more on madoff - from 1992.

Discussion in 'Wall St. News' started by gaj, Dec 13, 2008.

  1. gaj


    dec 16, 1992 WSJ, page c1.

    The Securities and Exchange Commission recently cracked down on one of the largest-ever sales of unregistered securities. Investors had poured $440 million into investment pools raised by two Florida accountants, who for more than a decade took in money without telling the SEC or making required financial disclosures to investors.

    The pair had promised investors hard-to-believe annual returns of 13.5% to 20% -- to be obtained by turning the money over to be managed by an unnamed broker.

    Regulators feared it all might be just a huge scam. "We went into this thinking it could be a major catastrophe," says Richard Walker, the SEC's New York regional administrator.

    But when a court-appointed trustee went in, the money was all there. Indeed, the mystery money manager was beating the promised returns by such a wide margin that the two accountants ditched their accounting business in 1984 to concentrate on their more lucrative investing sideline.

    Who was the broker with the Midas touch? The SEC, which last month went to court to shut down the operation, won't say. Neither will the lawyer for the two accountants, Frank J. Avellino and Michael S. Bienes of Fort Lauderdale.

    But the mystery broker turns out to be none other than Bernard L. Madoff -- a highly successful and controversial figure on Wall Street, but until now not known as an ace money manager.
    Mr. Madoff's firm can execute trades so quickly and cheaply that it actually pays other brokerage firms a penny a share to execute their customers' orders, profiting from the spread between bid and asked prices that most stocks trade for.


    Mr. Madoff said his investment strategy changed around 1982, when his firm began using a greater variety of strategies tied to the stock market, including the use of stock-index futures and "market-neutral" arbitrage, which can involve buying and selling different stocks in an industry group.

    Mr. Madoff said, "The basic strategy was to be long a broad-based portfolio of S&P securities and hedged with derivatives," such as futures and options. Such a strategy, he said, allowed the investors "to participate in an upward market move while having limited downside risk." For example, he said, the Madoff firm made money when the stock market crashed in 1987 by owning stock-market index puts, which rose in value as the market declined.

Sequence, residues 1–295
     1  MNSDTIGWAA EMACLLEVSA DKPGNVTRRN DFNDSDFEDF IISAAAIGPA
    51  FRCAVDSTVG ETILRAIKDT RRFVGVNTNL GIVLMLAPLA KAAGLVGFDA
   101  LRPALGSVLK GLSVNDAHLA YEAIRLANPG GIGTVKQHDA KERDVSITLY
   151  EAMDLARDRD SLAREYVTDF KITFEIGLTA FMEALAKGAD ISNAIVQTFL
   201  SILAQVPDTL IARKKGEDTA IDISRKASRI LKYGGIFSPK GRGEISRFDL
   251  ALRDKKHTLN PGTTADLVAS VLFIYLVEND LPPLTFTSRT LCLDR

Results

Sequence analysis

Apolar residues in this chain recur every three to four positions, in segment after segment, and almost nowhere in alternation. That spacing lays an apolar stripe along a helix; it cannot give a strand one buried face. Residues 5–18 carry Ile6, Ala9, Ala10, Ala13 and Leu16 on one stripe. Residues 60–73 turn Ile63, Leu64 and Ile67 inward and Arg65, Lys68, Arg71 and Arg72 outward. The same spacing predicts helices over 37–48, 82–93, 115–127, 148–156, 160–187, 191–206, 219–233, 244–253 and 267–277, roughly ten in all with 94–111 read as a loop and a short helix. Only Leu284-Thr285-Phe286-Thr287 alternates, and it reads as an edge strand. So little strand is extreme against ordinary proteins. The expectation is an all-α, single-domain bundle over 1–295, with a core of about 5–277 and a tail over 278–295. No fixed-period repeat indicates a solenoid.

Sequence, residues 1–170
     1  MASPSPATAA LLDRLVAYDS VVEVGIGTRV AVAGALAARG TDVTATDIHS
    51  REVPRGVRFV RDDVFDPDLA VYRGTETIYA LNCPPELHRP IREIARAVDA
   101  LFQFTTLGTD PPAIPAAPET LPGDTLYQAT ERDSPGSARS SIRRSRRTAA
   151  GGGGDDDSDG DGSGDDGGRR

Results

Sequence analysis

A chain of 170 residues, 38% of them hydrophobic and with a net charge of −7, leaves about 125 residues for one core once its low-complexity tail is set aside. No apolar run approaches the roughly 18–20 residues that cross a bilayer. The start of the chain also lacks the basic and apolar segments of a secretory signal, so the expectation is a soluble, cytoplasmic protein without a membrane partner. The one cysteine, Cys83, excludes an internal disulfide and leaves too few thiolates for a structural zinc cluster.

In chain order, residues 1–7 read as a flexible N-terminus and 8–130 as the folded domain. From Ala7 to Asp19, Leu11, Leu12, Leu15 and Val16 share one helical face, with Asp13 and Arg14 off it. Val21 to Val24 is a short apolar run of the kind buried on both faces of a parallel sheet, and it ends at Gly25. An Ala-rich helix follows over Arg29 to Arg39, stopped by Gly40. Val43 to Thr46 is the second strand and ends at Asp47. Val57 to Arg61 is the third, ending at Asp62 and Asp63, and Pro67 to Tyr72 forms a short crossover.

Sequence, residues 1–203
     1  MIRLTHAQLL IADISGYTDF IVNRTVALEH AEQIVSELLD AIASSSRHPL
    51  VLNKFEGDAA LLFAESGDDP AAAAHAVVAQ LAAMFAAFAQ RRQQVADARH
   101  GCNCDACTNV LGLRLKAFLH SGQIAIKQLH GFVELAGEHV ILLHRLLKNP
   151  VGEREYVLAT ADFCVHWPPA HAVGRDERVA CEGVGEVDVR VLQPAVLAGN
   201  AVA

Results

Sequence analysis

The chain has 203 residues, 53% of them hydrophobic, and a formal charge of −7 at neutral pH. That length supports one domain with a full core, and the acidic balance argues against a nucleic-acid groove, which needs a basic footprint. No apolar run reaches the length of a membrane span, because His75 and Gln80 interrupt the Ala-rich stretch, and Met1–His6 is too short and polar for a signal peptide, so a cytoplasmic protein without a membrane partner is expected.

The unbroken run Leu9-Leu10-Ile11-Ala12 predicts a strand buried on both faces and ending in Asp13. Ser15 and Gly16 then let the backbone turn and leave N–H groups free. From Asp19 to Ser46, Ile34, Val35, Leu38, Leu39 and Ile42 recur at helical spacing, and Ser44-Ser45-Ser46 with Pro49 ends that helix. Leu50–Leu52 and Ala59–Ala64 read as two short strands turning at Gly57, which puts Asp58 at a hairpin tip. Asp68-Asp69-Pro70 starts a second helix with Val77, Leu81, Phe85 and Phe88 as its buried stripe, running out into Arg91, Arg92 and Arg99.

Perhaps the biggest question is how the investment pools could promise to pay high interest rates on a steady annual basis, even though annual returns on stocks fluctuate drastically. In 1984 and 1991, for example, the stock market delivered a negative return, even after counting dividends. Yet Avellino & Bienes -- and Mr. Madoff -- maintained their double-digit returns.

    The answer could be that Mr. Madoff's use of futures and options helped cushion the returns against the market's ups and downs. Mr. Madoff says he made up for the cost of the hedges -- which could have caused him to trail the stock market's returns -- with stock-picking and market timing.

    (rest snipped)
  2. gaj


    and the unfortunate part..both arthur leavitt and harvey pitt were out talking over the past couple days; leavitt said that there were so many obvious red flags, pitt said it's unfathomable it could have gone on so long without anyone knowing.

    i don't have to provide the unfortunate punch line.
  3. spinn


    There is no question that Madoff deserves a complete and total bailout with TARP funds.
  4. I agree. He just hit a bad patch. He will no doubt if given the chance make it all back.
  5. Yeah, maybe in the future they can wire his cell with a trading computer and a bloomberg. He can provide the other inmates with investment advice also while he is recouping the losses. I can also picture him providing sound tax advice and retirement planning to the guards in order to get special favors for him and his cellie just like Andy Dufresne. However, I don't think this story has a happy ending of Bernie tunneling out of the penitentiary and retiring to Mexico though.
  6. You can hear his pitch. " I can take a pack of smokes, and every month, you'll have two to three new butts. Think about it. 20 Camels today. 23 in 30 days, then, 27, or 28, and so on. Why, you'll be King of the Yard".

    Somehow, though, I don't think the inmates would be as lax as the Director of Enforcement at the SEC, Linda Chatem Thomsen.